The idea behind this project was to create a piece that slowly evolves over an extended period of time. I originally meant for the loops to be in measures of 8, but I accidentally found a melody that only really worked when it was 6 measures long. Woe is me, for my European brain rejects anything not directly divisible by 4. But I since I liked it so much, I decided to stick with it. Everything else had to have the same length, which was a bit of a ball-ache, but I managed. The tempo I was using made the original melody sound gave it the potential to sound solemn, so the following loop was made in a low octave. I used violins to produce chords, which solidified the somber tone. Next, I made vocals using the top of the violin chords transposed down a few octaves. The vocals made it sound less somber and slightly more serious (Kinda like from someone furrowing their brow? idk what emotion that would be. A hint of anger, or newfound resolve perhaps?). The next track was made using tubular bells. I took inspiration from Japan on this one. Japan sometimes uses tubular bells to indicate the arrival of a grave event, brought about by silent determination or an inevitable clash between two powerful opposites. The intent is to bring about suspense; and that was exactly my intent. Finally, I made a loop using plucked string, I wasn't entirely sure what it was meant to lead to, but hey, every piece is a work in progress. I decided to repeat the whole of the piece up until this point until I can find a better ending. The more updated one is below, or at elast should be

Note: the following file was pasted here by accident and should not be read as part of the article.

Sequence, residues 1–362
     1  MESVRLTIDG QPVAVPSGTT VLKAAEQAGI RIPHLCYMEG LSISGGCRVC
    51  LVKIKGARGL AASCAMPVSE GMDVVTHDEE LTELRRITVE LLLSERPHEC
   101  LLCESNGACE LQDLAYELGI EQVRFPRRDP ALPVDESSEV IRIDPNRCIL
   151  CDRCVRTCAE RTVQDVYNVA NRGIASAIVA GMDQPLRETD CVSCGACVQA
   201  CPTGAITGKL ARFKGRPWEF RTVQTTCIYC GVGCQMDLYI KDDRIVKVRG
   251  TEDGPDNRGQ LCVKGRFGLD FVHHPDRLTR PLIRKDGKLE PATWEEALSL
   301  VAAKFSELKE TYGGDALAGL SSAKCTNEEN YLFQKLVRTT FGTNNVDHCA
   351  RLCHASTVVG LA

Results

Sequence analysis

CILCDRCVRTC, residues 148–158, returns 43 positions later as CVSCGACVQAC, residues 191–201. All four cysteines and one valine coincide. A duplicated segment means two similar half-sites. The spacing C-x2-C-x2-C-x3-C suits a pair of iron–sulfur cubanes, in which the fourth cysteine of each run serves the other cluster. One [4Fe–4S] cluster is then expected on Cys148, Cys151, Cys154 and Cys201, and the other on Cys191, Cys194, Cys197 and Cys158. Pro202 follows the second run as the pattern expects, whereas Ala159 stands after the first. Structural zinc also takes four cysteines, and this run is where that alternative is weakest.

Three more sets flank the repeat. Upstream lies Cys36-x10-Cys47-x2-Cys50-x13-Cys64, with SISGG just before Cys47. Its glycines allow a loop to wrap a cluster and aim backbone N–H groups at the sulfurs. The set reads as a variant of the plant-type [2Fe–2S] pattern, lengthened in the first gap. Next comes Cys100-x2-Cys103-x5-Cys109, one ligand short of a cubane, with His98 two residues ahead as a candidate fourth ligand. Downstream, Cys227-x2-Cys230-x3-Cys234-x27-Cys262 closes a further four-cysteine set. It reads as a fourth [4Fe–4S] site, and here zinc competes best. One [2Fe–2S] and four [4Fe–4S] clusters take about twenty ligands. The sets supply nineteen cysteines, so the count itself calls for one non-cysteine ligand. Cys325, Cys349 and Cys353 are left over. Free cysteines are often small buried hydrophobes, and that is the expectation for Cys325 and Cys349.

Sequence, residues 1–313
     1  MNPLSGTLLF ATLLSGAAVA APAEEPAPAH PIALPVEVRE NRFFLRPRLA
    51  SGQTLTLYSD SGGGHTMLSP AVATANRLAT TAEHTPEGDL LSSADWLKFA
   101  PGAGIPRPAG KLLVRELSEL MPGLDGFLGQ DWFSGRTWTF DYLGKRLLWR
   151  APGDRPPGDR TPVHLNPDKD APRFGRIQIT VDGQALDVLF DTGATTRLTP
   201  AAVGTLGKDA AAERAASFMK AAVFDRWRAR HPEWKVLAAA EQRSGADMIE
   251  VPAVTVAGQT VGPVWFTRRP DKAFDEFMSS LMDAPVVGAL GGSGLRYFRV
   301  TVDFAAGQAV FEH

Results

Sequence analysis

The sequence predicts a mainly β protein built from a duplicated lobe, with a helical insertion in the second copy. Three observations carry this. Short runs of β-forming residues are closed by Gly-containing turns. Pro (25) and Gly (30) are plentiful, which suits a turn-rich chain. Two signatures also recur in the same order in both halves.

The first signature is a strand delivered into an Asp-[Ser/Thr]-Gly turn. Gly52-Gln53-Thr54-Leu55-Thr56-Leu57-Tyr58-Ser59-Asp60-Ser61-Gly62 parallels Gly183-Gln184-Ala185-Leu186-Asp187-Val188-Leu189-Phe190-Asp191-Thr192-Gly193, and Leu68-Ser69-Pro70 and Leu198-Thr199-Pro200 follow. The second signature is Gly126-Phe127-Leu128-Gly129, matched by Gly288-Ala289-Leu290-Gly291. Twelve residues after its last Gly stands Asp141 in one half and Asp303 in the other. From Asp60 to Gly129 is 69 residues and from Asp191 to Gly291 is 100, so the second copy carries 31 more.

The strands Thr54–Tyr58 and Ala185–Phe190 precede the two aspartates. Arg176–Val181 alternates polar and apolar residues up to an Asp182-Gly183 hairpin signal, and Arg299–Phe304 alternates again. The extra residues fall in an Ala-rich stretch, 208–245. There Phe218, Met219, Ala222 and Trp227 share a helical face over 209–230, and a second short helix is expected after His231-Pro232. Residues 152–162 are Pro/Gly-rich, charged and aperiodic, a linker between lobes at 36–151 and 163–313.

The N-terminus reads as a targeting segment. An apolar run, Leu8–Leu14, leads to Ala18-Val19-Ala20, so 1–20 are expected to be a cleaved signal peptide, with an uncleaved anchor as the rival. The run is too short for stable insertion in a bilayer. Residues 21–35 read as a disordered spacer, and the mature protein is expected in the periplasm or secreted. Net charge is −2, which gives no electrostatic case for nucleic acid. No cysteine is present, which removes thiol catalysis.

Cycles The goal of this project was to work in cycles, rather than bars. In other words, use units aside from 4. I chose nine, which threw me for quite the curve. After a few corrections, I did manage. A few additional issues that sprang up included my lack of knowledge on bass lines, chords, and scales. Whether I learned enough to make it through or managed through shear luck, I'm not sure, but I'm going to be an optimist and assume the former. The issues mentioned beforehand were matters of logic- I got over them. However, I will be the first to admit that the mixing and mastering proved to be a challenge. Even now, there is still clipping, a problem I hope to resolve soon. On a more positive note, I was successful in using a darker theme, something I tend to struggle with.
Atmospheres Since I chose a dojo as my environment, I figured I needed something Japanese-sounding. I went with a chime as the main, and an arped ambient sound for the chords. I put on a bit of reverb for the chimes so that the would fill the space a bit more, and messed with the balance on the ambient so that it would sound more smooth. I intended to give the chime a slightly wooden sound to sound more Japanese, but was unable to manipulate the instrument enough. I chose the slides before making the music, so that I would have a firm idea of what I was going for. Because some of the images I chose had people actively being thrown, I put in some sounds that were supposed to be reminiscent of people falling. Whether I succeeded or not is still in the air, but some of my classmates figured it out, so I have high hopes. I also put it a bit of space on everything to sound empty- like a dojo. I made the falling buildup a bit more linear, at Neal’s suggestion, which I must suggest, sounds a bit better. Julia suggested I try using a marimba for a wooden chime, but I was unable to replicate the echo from the original chime. Looking back, I should have put on an echo effect, but I will need to do that later.